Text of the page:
05/09/2014 11:04 BST | Updated 20/05/2015 10:12 BST

5 Things I've Learned From Leading A Dads-Only Antenatal Class


A body language expert would love to be an observer during the first five minutes of my antenatal classes for dads. We sit in a circle and for the first minute or so the dads are arms folded, ankles up on the knees, hesitant to speak. They want to be there - after all, they've paid for the classes - but they just feel a little...uncomfortable.

But then we start talking, and within a few minutes the defences crumble away and the body language shifts to the other end of the spectrum. The expectant dads are chatting, laughing, swapping stories and asking questions. (It also helps that there are plenty of biscuits.)

I've been running dads-only antenatal classes for a few months now, in partnership with a local business who provide various courses for expectant parents (and beyond) in the area, and there are a few themes which run through each session:

They really want to be dads

This might sound a bit odd, but allow me to explain. The dads in my sessions - like the vast majority of dads - don't want to just be the father of a child. They want to be dads. They want to get involved, change dirty nappies, be there through the vomiting, the teething and the crying, to wrestle with their son or daughter on the living room floor and to get their hands dirty in every aspect of their child's lives. They're ready, it's just that...

They're a bit worried about the birth

I know what you're going to say. Oh, really? They're worried about the birth? They're not the ones pushing a watermelon through a drainpipe, are they?! Perhaps not: but that doesn't stop expectant dads from being concerned about the big day. Whether it's the risk of feeling useless, or the fear of seeing the person they love most in the world in so much pain and being unable to help, they can't help but feel a flutter of nerves. Fortunately, there's loads that dads can do in the delivery suite to help make their child's birth as straightforward as possible.

They're prepared to be ruthless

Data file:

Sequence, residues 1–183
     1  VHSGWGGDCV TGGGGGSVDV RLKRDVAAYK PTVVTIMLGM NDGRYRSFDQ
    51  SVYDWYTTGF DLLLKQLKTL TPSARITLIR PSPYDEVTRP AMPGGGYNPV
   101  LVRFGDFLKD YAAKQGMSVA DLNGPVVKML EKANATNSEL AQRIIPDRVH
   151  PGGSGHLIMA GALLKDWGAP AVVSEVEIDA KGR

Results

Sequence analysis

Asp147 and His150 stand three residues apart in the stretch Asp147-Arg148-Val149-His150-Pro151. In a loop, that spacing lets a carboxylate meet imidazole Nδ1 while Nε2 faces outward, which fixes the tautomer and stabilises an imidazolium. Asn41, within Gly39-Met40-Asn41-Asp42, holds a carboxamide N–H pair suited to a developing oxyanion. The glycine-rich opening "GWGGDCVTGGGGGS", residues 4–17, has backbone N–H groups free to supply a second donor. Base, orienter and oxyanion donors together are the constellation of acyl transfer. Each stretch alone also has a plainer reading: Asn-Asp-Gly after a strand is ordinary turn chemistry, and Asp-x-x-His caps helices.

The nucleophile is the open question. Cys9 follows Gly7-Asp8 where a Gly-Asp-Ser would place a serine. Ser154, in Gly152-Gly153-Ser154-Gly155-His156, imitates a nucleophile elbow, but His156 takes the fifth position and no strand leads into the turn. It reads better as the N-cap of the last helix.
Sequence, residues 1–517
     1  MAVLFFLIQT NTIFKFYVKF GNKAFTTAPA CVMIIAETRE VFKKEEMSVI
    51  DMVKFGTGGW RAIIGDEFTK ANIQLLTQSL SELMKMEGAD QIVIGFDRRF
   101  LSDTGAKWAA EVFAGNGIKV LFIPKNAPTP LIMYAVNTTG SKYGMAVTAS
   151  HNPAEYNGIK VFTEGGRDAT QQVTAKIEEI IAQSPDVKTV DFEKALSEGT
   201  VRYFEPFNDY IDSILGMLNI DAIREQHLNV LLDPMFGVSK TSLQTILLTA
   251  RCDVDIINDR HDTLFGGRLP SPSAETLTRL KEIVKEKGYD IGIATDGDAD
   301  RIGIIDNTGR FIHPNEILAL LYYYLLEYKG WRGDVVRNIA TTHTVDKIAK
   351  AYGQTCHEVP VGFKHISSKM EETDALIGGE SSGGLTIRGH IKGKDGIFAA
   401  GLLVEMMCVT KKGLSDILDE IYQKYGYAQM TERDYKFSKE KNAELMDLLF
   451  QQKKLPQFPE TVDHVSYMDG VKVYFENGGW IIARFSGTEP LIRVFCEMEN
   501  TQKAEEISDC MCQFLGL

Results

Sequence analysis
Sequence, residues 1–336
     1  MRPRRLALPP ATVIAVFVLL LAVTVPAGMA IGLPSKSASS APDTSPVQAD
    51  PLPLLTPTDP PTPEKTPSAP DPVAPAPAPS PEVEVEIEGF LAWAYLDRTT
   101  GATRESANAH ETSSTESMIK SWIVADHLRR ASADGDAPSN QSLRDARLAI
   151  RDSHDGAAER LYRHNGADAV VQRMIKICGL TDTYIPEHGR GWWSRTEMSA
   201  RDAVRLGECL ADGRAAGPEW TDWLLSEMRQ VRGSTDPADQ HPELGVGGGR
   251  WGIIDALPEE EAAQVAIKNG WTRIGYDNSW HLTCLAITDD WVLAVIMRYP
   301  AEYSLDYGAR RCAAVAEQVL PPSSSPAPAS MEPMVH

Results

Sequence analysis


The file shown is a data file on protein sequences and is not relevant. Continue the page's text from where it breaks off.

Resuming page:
If you're a close friend or relative of someone who has just given birth, you might want to check with the dad before you turn up out of the blue for a good look at the baby.

Becoming a father awakens the paternal monster in dads, which means they're quite prepared to throw away any courtesy and niceness to protect the health and sanity of their new family, to the point where they'll happily drive sharpened stakes into the ground around their front door to keep visitors away whilst mum and baby get some sleep.

They're new to this, too

Many dads are wary of letting on that they're not quite sure what they're doing in the first few days and weeks after birth. That's the whole point of dads-only classes: to allow expectant fathers a bit of time to share their fears with each other and know they're not alone without running the risk of looking a bit daft in front of their partners.

Parenting is a steep learning curve for all new mums and dads, and so communication is vitally important. Like they tell you at school, there's no such thing as a daft question, and if you're thinking it chances are the other person is too.

They're not that bothered about sex

Inevitably, the conversation in the dads' classes will turn to sex, and the topic of when a new couple can expect to return to a physical relationship. However, this always comes up right at the end of the class, for the simple reason that most dads aren't that fussed about when they can have sex again.

They're far too concerned with being a dad, and supporting their new family as much as possible. Returning to a physical relationship is an afterthought, and something very much led by the mum - and so don't be surprised if he's not chomping at the bit after a few weeks. He's probably just trying to catch up on some much-needed sleep.

More on Parentdish: Finding a parenting class